Human evolution, say many scientists, was in part a product of major environmental shifts. Now, says a new study, the roles are reversed, and the impact will be far more radical.
Ice age Earth at glacial maximum
Scientists have often theorized that major environmental or climate shifts in prehistory had a profound impact on the course of human evolution and, by extrapolation, the course of the development of human civilization. They have pointed to archaeological and paleontological evidence to support their arguments. Now, based on a recently completed study, it appears that the relationship roles have been reversed. Mother Nature is likely the one now being acted upon for change, and the actor is human. Moreover, say researchers, that change, which they have coined as a "state shift" in the earth's global ecosystem, will occur comparatively quickly, leading to a "planetary collapse" of the world as we know it -- much like the state shift that occurred about 12,000 years ago that helped to transform humans from hunter-gatherers to urban dwellers and wielders of advanced technology. But the upcoming change may be far more radical, if the researchers are correct.
Using theoretical frameworks and data derived from ecosystem modeling and paleontological evidence, an international group of 18 scientists are predicting that humanity is facing a much worse collision course with Mother Nature than currently thought, and that it is relatively imminent. In the paper, currently published in the journal Nature, they are suggesting that the current global ecosystem is accelerating toward an irreversible collapse, and that it could occur within this century. They suggest that the Earth's accelerating loss of biodiversity, increasingly extreme fluctuations in climate, the growing interdependence of various ecosystems, and a quickly changing total "energy budget" all combine together to create a planetary threshold or tipping point to a profound shift in the global ecosystem/climatological balance as we know it today. The study points to "unprecedented rates and magnitudes of human population growth with attendant resource consumption, habitat transformation and fragmentation, energy production and consumption, and climate change" as the salient factors at the root of the changes.
"The last tipping point in Earth's history occurred about 12,000 years ago when the planet went from being in the age of glaciers, which previously lasted 100,000 years, to being in its current interglacial state. Once that tipping point was reached, the most extreme biological changes leading to our current state occurred within only 1,000 years" says Arne Mooers, a professor of biodiversity at Simon Fraser University and one of the study authors. "That's like going from a baby to an adult state in less than a year. Importantly, the planet is changing even faster now........The odds are very high that the next global state change will be extremely disruptive to our civilizations. Remember, we went from being hunter-gatherers to being moon-walkers during one of the most stable and benign periods in all of Earth's history."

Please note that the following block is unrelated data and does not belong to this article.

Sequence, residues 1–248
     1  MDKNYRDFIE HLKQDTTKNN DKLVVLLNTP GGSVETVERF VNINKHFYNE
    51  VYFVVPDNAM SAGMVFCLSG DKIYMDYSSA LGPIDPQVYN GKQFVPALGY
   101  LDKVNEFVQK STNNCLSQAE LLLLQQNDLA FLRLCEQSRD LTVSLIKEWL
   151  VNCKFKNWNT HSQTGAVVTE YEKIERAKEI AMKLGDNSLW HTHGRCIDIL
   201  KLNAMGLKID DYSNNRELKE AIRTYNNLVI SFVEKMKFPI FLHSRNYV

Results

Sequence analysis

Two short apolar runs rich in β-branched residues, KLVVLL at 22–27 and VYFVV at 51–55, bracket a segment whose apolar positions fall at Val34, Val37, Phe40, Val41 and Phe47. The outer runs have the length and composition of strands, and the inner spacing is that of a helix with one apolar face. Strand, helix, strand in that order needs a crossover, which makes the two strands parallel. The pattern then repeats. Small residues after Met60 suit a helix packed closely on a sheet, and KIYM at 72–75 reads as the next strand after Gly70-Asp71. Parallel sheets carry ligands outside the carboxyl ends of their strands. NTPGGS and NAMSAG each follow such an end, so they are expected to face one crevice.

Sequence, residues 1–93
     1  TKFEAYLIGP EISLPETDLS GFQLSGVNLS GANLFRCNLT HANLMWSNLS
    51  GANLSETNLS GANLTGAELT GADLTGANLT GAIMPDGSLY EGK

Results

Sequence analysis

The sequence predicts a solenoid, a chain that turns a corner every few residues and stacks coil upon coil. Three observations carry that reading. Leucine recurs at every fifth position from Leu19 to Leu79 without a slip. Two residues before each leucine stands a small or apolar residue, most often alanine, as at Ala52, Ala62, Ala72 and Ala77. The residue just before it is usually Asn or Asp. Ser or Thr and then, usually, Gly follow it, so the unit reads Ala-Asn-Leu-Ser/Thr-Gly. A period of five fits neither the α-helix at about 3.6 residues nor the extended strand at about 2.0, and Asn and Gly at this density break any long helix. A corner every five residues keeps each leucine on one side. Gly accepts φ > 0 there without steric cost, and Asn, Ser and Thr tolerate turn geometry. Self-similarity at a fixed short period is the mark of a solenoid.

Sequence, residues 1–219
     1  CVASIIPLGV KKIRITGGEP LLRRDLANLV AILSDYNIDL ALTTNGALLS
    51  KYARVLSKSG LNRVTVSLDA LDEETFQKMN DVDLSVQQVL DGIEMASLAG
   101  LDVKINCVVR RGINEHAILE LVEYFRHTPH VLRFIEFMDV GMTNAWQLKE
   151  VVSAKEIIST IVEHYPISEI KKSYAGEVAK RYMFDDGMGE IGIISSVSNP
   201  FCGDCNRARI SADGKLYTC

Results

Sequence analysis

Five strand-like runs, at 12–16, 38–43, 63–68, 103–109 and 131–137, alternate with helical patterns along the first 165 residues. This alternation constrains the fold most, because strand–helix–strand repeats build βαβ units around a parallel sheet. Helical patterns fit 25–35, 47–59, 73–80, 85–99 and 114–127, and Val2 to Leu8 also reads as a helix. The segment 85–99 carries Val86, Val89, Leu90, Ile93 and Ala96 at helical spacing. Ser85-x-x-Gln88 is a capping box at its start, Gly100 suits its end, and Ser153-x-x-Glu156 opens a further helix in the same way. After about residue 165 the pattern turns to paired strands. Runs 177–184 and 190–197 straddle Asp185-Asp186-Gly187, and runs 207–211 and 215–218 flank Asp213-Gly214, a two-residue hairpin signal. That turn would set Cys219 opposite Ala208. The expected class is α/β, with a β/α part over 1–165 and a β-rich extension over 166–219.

Moreover, Mooers states that once this tipping point or threshold is reached and crossed, then we will be at the point of no return, an alarming prospect at any level.
"Once a threshold-induced planetary state shift occurs, there's no going back. So, if a system switches to a new state because you've added lots of energy, even if you take out the new energy, it won't revert back to the old system. The planet doesn't have any memory of the old state."
The threshold is defined by a 50 percent transformation of the Earth's surface. More than 50 percent means that we are out of time for delay, and that a planetary collapse is then inevitable. Already, the Earth has seen a 43 percent transformation due to human activity that has converted the ancient landscapes into new agricultural and urban areas.
Their prescription for addressing the problem?
Says Mooers: "Society globally has to collectively decide that we need to drastically lower our population very quickly. More of us need to move to optimal areas at higher density and let parts of the planet recover. Folks like us have to be forced to be materially poorer, at least in the short term. We also need to invest a lot more in creating technologies to produce and distribute food without eating up more land and wild species. It's a very tall order."
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